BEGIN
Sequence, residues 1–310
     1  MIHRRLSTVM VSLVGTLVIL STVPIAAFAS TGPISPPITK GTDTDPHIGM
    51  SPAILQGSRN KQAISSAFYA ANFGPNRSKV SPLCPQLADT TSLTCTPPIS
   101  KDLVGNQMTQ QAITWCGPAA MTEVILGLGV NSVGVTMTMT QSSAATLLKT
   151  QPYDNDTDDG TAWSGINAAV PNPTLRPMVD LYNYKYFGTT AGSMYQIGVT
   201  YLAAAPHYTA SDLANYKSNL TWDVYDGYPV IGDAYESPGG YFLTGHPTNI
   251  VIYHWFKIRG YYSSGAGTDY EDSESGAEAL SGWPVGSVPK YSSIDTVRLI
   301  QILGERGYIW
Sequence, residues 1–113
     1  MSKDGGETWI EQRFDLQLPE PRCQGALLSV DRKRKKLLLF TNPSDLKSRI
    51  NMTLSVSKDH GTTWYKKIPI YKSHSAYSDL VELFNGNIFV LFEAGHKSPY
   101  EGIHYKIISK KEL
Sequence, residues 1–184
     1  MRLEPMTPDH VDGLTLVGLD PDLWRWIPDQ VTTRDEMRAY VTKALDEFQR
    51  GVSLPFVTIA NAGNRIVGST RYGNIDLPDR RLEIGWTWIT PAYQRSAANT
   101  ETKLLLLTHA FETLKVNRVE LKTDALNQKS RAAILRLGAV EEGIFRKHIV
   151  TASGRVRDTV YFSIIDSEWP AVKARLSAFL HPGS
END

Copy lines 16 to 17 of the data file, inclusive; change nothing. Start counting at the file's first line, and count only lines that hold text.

   101  ETKLLLLTHA FETLKVNRVE LKTDALNQKS RAAILRLGAV EEGIFRKHIV
   151  TASGRVRDTV YFSIIDSEWP AVKARLSAFL HPGS